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Publication numberUS3659395 A
Publication typeGrant
Publication dateMay 2, 1972
Filing dateMar 17, 1970
Priority dateDec 31, 1969
Publication numberUS 3659395 A, US 3659395A, US-A-3659395, US3659395 A, US3659395A
InventorsManlio Maurelli, Louis Merrien, Bruno Morane, Charles Paoletti, Robert Sathicq
Original AssigneeOreal
Export CitationBiBTeX, EndNote, RefMan
External Links: USPTO, USPTO Assignment, Espacenet
Method for filling a container with a fluid under pressure
US 3659395 A
Abstract
Method and apparatus for storing and dispensing a fluid under pressure which utilizes a container holding a mass of closed-cell foam material. The fluid to be dispensed is introduced under pressure, thereby compressing the foam material, which expands to expel the fluid when a dispensing valve is opened. The foam material may be impregnated with a propellant gas before the fluid to be dispensed is introduced, and in that case the pressure applied when the liquid to be dispensed is introduced may liquefy the propellant gas trapped in the cells of the foam material.
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United States Patent 15] 3,659,395 Morane et al. [45] May 2, 1972 54] METHOD FOR FILLING A CONTAINER [56] References Cited WITH A FLUID UNDER PRESSURE UNITED STATES PATENTS [7 2] Inventors: Bruno Morane, Paris; Charles Paoletti,

Aulnay Sous Bots; Louis Merrie, Pom aaiigzki ..53/36 UX sathkq 3 075 576 l/l963 Herbert 222/386 5 lepinte; Manllo Maurelli, Vaujours, all of France Primary Examiner-Edward J. Earls [73] Assignee: LOreal, Paris, France Attorney-Holcombe, Wetherill & Brisebois [22] Filed: Mar. 17, 1970 [57] ABSTRACT [211] App! 20214 Method and apparatus for storing and dispensing a fluid under pressure which utilizes a container holding a mass of closed- 30 Foreign Application p i i Data cell foam material. The fluid to be dispensed is introduced under pressure, thereby compressing the foam material, which Dec. 31, 1969 France ..69457] 7 expands to expel the fluid when a dispensing vave is opened The foam material may be impregnated with a propellant gas [52] US. Cl ..53/36, l4l/ 3, l4l/9, before the fluid to be dispensed is introduced, and in that case 222/3865 the pressure applied when the liquid to be dispensed is in- [51] Int. Cl. ..B65b 31/04, B65b 31/10 tmduced may li f the propellant gas trapped in the cells f [58] Field of Search ..53/36, 239; 92/90; 141 1, 3, the f materiat 9 Claims, 8 Drawing Figures METHOD FOR FILLING A CONTAINER WITH A FLUID UNDER PRESSURE SUMMARY OF THE INVENTION In containers for holding pressurized fluids, the product to be dispensed is often placed under pressure at the moment of use by means of a propellant gas. Depending on the particular products to be dispensed and the propellant gas used, it may be disadvantageous to have the propellant gas come in contact with the product to be dispensed. Moreover, it should be noted that the price of the propellant gas used considerably increases the cost of the package and that the use of a propellant gas necessitates that at least certainparts of the container be made impervious to gas under pressure. Seals of this type are relatively difficult to produce.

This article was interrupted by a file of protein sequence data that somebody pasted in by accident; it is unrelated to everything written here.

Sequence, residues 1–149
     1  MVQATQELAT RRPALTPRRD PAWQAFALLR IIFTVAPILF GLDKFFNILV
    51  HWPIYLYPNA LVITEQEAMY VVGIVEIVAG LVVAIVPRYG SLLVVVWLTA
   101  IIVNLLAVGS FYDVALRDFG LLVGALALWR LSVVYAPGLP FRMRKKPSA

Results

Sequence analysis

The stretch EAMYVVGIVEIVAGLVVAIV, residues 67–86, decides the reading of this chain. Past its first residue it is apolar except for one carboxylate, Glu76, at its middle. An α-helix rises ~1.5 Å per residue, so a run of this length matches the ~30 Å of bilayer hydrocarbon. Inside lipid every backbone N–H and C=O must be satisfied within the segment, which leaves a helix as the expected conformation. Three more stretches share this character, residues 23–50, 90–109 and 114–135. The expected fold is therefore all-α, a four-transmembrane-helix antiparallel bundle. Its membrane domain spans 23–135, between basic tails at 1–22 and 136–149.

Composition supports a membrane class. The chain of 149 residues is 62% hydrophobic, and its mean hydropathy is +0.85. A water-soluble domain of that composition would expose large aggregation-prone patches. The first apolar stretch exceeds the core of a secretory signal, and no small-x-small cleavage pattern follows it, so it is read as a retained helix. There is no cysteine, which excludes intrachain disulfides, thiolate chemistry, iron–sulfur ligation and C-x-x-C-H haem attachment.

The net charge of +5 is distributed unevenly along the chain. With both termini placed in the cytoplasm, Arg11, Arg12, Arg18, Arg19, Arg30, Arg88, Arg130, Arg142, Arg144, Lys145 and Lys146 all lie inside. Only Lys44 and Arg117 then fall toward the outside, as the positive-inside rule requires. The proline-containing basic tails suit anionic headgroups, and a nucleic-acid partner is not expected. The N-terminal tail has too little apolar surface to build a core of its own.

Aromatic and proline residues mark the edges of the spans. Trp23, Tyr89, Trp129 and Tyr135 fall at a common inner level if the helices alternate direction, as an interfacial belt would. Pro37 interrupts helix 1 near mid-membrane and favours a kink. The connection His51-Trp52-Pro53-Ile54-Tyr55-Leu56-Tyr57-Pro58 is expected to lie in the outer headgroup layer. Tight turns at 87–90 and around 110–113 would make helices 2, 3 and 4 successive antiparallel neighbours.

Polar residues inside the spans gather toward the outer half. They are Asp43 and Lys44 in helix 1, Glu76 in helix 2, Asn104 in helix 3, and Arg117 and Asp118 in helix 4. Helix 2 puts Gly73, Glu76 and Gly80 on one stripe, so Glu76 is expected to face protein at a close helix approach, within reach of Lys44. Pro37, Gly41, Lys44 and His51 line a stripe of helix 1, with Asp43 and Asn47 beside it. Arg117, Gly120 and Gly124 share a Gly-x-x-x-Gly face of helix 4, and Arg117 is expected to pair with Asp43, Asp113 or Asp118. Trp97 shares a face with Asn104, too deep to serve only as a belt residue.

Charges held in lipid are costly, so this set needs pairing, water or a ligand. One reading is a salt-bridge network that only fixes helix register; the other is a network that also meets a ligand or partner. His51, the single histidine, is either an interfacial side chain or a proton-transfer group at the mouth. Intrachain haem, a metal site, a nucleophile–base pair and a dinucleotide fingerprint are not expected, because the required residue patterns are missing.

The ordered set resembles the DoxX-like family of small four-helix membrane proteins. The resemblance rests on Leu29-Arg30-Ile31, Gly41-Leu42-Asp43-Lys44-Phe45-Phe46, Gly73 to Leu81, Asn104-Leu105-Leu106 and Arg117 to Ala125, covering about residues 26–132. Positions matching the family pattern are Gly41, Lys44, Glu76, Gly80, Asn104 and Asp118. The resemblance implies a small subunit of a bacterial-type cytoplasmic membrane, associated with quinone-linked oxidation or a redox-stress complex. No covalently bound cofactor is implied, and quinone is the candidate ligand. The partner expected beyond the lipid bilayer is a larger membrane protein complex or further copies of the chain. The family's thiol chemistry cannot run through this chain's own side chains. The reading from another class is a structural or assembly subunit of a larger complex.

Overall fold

It has already been suggested that contact between the propellant gas and tie product to be dispensed can be avoided by using containers having a piston with its base resting on the pressurizing gas and the product to be dispensed positioned on top of the piston. This solution substantially complicates the components which must be mounted inside the container and greatly increases the cost of packaging. It has also been proposed to introduce into the container an expansible chamber which is inflated by means of a pressurizing gas and to contract this chamber when introducing the product to be dispensed under pressure into the container outside the expansible chamber. This solution has the serious disadvantage of being very difficultto put into practice because of the difficulty of finding an elastically expansible chamber which is gas tight and inexpensive to manufacture. Moreover, the provision of such a chamber often results in a certain unreliability in the operation of the container.

It is the object of the present invention to provide a new method of packaging under pressure which is capable of dispensing a fluid in a liquid, viscous, or aerosol state without requiring resort to any complicated mechanical arrangement but nevertheless eliminates or substantially reduces the quantity of propellant gas required. It is important to note that, when the propellant gas is completely omitted, there is no need to make the container impervious to gas under pressure.